"We admit that the multi-directional foreign policy declared in Belarus has in fact been a mono-directional one. It is of utmost importance for us to establish good relations with the West. The conflict [with Russia] is not a reason for such a move. Europe has seen that it is dependent on Belarus in terms of energy. Europe has re-assessed Belarus and a new situation has emerged," Lukashenko said this week at a meeting with the leader of the Communist Party of the Russian Federation, Gennady Zyuganov.
The president said that Belarus will no longer "rush headlong" into Russia's arms and added that the country has been experiencing a "massive onslaught" by Moscow for several years. "What country can stand two, two-fold gas hikes within the space of two years?" Lukashenko asked, omitting to mention that under the terms of the new deal Belarus still enjoys the cheapest prices of all Russia's customers and half of what many other CIS countries are being asked to pay.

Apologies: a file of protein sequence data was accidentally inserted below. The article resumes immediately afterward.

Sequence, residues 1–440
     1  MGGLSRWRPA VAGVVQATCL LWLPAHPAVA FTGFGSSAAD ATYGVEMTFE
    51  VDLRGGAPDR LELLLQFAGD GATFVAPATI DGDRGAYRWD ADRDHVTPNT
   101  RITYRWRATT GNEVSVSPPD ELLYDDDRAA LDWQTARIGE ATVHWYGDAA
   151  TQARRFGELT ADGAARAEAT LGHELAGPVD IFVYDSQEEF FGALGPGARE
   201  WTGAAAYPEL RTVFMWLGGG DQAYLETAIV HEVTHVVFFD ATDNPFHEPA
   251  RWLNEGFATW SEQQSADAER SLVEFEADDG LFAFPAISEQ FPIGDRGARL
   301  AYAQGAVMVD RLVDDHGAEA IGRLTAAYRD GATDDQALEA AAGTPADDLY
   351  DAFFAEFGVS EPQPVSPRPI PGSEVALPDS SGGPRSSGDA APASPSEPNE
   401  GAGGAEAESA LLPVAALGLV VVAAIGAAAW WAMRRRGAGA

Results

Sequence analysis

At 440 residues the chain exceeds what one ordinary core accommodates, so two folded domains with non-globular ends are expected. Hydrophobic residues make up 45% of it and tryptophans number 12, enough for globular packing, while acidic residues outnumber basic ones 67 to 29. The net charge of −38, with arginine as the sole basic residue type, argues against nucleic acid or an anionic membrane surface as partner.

He also said Belarusian refineries are losing $90 per tonne of processed oil now that they have to purchase Russia oil at higher prices, again omitting to mention that refining at the relatively modern Belarusian refineries is still the cheapest option for Russian oil producers.
"Belarus is being stifled and hounded. We are being put down under orders from the Kremlin. I know it for a fact," he said in a statement that would under other circumstances resonate with European politicians.
Lukashenko claimed he was barred from speaking to a leading Russian news agency on the eve of a recent trip to Moscow. "This is what Russian-style democracy amounts to and that is how the Russian leadership is behaving," he said.
Despite Lukashenko's bluster, any attempt to bolster or, more accurately, create ties with Brussels will fall on deaf ears until the autocratic and erratic president shows he is prepared to entertain some form of democracy.
However, he seems to be working in the opposite direction. In the midst of the oil spat with Moscow, the president made his son Viktar a member of the National Security Council, sparking speculation he is signalling to the Kremlin that his elder son is a possible successor and there will be no change of policy should he retire.